Friday, March 19, 2010

"someone's praying, my lord, kumbayah...."

You may or may not have seen a post I made here a few weeks ago regarding Karla Bonoff; it was, I noted at the time, a reprint of a post that originally appeared on the old website. Back when No Depression magazine was still in print and before became Kyla Fairchild's community website, Grant Alden and I posted regular web entries to the site, as a sort of online editorial supplement to our print publication. None of these entries were carried over into the currently existing domain.

Some of these were quick asides that aren't really worth revisiting, but others were more substantive passages that I'd like to reinstate on the web. So I'm planning to use this forum on occasion to dig a few of them up and re-post them.

Here's one that proved particularly meaningful in the long run. It's about a documentary film called Purple State Of Mind made by John Marks and Craig Detweiler. The outgrowth of this blog-entry was that Mr. Marks ended up becoming a contributor to No Depression in its final days, writing an excellent feature on the Old 97's for our final issue (ND #75) as well as a superb piece on the Guthrie family in the third installment of the ND bookazine series published by University of Texas Press. I thought their film was something special, and I still do; so, in case you missed it back in 2008, I'd like to call it to your attention again.

By Peter Blackstock

A few weeks ago I happened to stumble upon a rather intriguing and intelligent blog-entry that dealt with our recent cover story on Shelby Lynne, written by a fellow named John Marks on a site called Interested in his writing but not having a clue as to what "Purple State Of Mind" might be, I poked around a little further and found that it's the title of a documentary film which is just now beginning to hit some festivals and select screenings. Though its promotional budgets are modest and its national profile is (so far) relatively low, Purple State Of Mind strikes me as a film that the majority of Americans need to see.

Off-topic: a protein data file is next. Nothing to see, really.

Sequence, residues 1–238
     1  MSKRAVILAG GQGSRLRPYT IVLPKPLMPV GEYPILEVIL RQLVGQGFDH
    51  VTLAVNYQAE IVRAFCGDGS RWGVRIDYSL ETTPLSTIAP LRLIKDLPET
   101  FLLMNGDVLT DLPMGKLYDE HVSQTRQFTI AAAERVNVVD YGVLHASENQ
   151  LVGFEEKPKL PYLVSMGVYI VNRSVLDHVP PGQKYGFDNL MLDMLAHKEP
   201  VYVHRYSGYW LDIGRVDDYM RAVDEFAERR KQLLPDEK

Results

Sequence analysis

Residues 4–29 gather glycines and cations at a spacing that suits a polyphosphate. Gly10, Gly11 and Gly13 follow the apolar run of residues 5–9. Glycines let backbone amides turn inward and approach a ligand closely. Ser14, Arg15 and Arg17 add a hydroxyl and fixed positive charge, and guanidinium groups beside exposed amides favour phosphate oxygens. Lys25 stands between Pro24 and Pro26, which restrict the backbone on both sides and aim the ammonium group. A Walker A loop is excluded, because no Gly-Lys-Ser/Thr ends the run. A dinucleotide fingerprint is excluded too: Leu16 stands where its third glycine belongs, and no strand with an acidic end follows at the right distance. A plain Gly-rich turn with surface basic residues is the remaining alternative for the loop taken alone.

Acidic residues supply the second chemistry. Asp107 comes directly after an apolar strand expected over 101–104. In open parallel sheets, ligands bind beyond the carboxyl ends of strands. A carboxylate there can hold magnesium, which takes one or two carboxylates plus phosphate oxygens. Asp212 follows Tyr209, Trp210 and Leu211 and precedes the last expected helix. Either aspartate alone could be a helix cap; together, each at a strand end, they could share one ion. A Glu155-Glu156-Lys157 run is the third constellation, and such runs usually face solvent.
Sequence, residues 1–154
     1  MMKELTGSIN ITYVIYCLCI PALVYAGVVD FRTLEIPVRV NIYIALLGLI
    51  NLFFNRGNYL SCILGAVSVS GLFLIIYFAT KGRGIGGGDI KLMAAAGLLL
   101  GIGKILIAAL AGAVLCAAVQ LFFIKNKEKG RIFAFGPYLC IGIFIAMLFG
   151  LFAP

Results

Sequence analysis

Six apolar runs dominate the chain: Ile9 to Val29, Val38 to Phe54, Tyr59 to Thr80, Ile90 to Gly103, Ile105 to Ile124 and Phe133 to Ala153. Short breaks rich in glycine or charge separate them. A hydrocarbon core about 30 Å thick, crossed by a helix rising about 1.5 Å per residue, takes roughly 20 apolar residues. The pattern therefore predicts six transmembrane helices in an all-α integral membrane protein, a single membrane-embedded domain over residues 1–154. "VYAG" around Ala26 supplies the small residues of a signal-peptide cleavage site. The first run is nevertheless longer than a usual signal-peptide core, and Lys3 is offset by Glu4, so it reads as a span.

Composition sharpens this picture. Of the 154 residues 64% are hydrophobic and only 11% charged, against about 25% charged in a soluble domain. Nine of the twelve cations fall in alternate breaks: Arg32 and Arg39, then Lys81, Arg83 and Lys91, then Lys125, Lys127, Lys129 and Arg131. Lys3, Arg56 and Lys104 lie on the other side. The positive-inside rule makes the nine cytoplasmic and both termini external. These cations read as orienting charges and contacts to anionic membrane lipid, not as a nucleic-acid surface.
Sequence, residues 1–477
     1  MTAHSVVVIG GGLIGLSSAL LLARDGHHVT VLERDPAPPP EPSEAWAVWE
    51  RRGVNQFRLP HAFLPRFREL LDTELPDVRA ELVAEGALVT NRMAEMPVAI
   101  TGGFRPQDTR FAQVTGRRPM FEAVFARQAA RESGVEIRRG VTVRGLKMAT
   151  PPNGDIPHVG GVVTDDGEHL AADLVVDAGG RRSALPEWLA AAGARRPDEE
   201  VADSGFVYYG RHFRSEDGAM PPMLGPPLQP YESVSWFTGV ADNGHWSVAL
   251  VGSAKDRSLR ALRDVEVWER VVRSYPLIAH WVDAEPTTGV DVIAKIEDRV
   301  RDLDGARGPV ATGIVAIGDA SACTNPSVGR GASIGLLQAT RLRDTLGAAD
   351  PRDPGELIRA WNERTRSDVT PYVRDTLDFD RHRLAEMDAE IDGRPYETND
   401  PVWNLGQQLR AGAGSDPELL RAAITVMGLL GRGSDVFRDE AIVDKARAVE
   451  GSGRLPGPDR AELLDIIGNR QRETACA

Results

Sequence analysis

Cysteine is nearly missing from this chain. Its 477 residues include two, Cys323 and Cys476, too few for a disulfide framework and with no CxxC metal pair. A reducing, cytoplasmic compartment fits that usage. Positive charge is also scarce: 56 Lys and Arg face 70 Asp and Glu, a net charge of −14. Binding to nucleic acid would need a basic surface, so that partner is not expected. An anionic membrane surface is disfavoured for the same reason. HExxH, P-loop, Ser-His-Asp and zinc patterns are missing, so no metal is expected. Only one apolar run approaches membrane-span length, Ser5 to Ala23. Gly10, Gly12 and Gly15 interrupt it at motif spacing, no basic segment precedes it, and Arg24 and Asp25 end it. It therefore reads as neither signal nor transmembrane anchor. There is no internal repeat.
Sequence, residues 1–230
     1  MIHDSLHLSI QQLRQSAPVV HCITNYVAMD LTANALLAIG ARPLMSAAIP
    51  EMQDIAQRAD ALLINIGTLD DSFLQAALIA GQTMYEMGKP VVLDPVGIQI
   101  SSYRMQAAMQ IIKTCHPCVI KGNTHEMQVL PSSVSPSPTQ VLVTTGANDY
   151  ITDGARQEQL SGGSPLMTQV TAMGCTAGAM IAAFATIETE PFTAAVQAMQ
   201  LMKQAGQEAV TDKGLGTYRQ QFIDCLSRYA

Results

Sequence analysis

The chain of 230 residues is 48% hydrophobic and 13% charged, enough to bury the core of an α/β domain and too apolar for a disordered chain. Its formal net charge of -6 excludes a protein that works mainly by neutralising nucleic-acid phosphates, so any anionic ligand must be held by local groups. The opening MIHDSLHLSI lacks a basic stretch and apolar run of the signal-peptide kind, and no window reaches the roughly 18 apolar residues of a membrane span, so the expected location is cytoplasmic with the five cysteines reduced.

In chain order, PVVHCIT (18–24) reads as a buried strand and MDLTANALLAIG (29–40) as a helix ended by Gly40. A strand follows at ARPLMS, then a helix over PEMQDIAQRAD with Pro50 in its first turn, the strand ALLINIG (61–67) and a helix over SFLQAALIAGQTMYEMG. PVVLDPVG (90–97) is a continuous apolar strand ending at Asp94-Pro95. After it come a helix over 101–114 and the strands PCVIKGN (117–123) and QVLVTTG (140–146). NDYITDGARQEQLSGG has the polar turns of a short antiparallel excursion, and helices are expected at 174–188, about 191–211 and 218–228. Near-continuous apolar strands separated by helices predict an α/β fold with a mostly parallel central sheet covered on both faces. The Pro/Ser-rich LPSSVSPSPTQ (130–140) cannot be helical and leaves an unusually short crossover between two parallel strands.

The summary description is hardly sexy: Basically this is 80 minutes of two middle-aged white guys sittin' around talkin' to each other. The catch is that the two guys -- Marks and his longtime friend and former college roommate Craig Detweiler -- are tremendously articulate and intellectually challenging, and their central subject matter delves deep into the heart of the modern American experience. Essentially they're addressing the great Red State/Blue State divide between believers and nonbelievers of Christianity, and the extent to which this divides us as a nation in a way that is ultimately both unnatural and unhealthy.

By openly and honestly confronting each other about how they came to believe (or not believe) what they do today, Marks (raised Christian but no longer a believer) and Detweiler (not raised religious but born again in his college years) take their own steps together toward bridging the supposed chasm between the religious right and what might be termed the agnostic left. More significantly, they go a long way toward breaking down those stereotypes altogether, eventually revealing within themselves elements of each other's beliefs and values.

Their conversations and arguments are heated, humorous, vehement, compassionate, and most of all relentless. In the end, as Detweiler repeatedly stresses, it's not about convincing the other person, or about winning or losing. Rather, it's about understanding and respecting one another's views.

Nowhere is that better illustrated than in the two deeply personal revelations which more or less bookend the film, in which Detweiler and Marks recount specific trigger-points that had a lot to do with their respective affirmation and rejection of faith. Essentially the two men faced very similar darkest-moments-of-the-soul experiences; their responses may seem on the surface to have been entirely opposite, but I'd argue that on some level, they were affected in precisely the same way. Both of them stared directly into the heart of darkness; each of them dealt with it by reaching for the only reckoning that could help them find their way back to the light.

For a taste, here's the film's trailer:

Many of the upcoming screenings are cross-promotional events for Marks's new Harper/Collins book Reasons To Believe, which came out this week. For those willing to dig deeper, the book goes another 360-odd pages into the subject; in fact, the film was actually an outgrowth of the book, having sprung from Marks' decision that his first interview subject for the book should be Detweiler. Because Detweiler's career involves teaching and training students in filmmaking, he suggested they have their conversations on-camera, and a documentary project was born.

If you're looking for an Americana-related musical tie-in (other than Marks being a devoted reader of No Depression), check out the film's music, which includes excerpts from Neko Case's cover of "Wayfaring Stranger" as well as Wilco's "Theologians". In my estimation, however, the crowning musical choice is the revival of Guadalcanal Diary's transcendent 1985 cover of the old campfire sing-along "Kumbayah". The movie's spirit strikes at the very core of that band's apocalyptic reading of the song; it's almost as if Guadalcanal Diary recorded it precisely for the purpose of connecting with Purple State Of Mind twenty-odd years later.

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